- Associated Press - Saturday, July 19, 2014

ST. PAUL, Minn. (AP) - The owner of a St. Paul grocery store faces criminal charges after authorities said they found ‘egregious’ unsanitary conditions at his store.

The St. Paul Pioneer Press reported (https://bit.ly/1qRcGFa ) that inspectors found rodent droppings throughout West Side Groceries, as well as food stored on the floor in standing water.

Hamza Ahmad Abualzain, 34, of Columbia Heights, was charged Friday with food handler/safety charges. Three counts are gross misdemeanors and one is a misdemeanor. His attorney, Kevin Sandstrom, said Friday that he and his client declined to comment.

The store is more commonly known by its former name, Stryker Market.

St. Paul City Attorney Sara Grewing said it’s rare for her office to take this kind of case. But, she said, the state Department of Agriculture, the city’s Department of Safety and Inspections and St. Paul police “put together a set of facts that were so egregious we felt we had no choice but to seek criminal penalties.”

Abualzain is scheduled to appear in court Oct. 20.

Police raided the market in June and arrested an employee after they said they found marijuana and a digital scale. They went back earlier this month with Agriculture Department inspectors, shutting the store and arresting Abualzain.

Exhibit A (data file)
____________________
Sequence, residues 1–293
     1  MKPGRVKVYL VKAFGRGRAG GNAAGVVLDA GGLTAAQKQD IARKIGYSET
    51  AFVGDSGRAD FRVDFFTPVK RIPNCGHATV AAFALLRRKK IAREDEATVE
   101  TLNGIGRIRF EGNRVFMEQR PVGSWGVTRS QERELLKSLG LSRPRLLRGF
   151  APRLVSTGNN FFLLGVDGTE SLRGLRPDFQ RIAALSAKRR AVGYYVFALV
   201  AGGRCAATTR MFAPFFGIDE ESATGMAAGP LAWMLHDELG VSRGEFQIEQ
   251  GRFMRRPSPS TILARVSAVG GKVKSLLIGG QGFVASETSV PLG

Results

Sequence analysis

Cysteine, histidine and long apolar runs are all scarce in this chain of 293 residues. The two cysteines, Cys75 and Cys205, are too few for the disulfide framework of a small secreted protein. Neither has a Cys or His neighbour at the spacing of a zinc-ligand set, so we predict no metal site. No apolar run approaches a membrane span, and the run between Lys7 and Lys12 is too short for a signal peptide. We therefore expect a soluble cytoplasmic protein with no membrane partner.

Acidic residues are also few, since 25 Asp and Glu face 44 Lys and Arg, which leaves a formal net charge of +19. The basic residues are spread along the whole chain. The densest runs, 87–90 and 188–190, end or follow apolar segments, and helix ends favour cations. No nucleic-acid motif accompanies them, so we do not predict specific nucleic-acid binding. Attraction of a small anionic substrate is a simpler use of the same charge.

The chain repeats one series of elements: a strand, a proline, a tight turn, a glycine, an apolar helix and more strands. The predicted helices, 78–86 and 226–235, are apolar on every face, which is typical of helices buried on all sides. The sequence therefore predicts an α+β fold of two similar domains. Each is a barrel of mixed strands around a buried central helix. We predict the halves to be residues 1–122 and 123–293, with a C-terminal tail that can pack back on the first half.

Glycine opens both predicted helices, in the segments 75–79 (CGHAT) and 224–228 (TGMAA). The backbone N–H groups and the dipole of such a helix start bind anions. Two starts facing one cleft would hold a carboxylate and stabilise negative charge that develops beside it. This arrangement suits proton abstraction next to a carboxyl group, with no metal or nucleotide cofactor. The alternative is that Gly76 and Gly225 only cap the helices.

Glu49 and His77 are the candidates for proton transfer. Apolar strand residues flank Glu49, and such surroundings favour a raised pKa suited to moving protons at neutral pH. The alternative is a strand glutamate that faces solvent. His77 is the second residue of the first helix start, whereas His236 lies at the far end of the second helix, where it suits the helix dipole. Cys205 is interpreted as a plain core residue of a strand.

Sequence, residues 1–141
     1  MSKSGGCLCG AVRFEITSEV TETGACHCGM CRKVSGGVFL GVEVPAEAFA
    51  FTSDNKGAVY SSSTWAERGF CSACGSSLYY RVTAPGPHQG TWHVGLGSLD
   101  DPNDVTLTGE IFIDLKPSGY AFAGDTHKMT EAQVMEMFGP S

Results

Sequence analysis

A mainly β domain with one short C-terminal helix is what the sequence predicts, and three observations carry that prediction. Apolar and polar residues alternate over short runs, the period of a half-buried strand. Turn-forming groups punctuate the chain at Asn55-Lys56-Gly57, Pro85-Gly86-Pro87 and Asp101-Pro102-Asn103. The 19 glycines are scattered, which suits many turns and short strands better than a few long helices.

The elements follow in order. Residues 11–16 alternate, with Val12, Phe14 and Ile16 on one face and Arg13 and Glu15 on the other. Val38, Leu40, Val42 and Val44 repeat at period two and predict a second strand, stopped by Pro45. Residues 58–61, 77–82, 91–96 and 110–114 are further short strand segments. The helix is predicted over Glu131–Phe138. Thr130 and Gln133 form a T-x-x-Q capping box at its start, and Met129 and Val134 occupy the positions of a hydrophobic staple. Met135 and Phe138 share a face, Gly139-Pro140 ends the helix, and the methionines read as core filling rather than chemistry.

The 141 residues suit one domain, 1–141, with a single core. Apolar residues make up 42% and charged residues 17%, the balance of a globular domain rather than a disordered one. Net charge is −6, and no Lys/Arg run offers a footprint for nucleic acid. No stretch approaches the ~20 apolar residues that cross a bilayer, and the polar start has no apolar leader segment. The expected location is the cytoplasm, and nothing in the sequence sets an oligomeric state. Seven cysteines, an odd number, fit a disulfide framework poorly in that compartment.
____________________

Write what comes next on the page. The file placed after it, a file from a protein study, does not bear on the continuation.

The criminal charges say he doesn’t have a food handler license for the business. Agriculture Department spokeswoman Margaret Hart said the store can’t reopen without a license.

State agriculture inspectors had gone to the store for a routine inspection Dec. 3 and found numerous violations including “no nail brush at the hand sink, no sanitizer for cleaning food-contact surfaces and utensils on site, wet and dirty floors both inside and outside of the cooler … raw food not stored separately from ready-to-eat food,” and more, the complaint said.

The store was in compliance by Dec. 31. But on July 10, state inspectors conducted a routine inspection and found Abualzain had no license to operate his business, the complaint said.

They “found evidence of food adulteration … due to insanitary conditions … in that there were rodent droppings found throughout the establishment, open areas where vermin could gain entry, dirty and broken ceiling tiles, inaccessible and dirty sinks,” and more, the complaint said.

In addition, the complaint said, the cooler held “multiple packages of misbranded meat.”

Meanwhile, the city of St. Paul is seeking to take away the store’s tobacco license. Abualzain’s attorney wrote in a letter that his client “disputes the facts” described in a notice of intent to revoke the license. It’s scheduled for an administrative hearing in September.


Information from: St. Paul Pioneer Press, https://www.twincities.com

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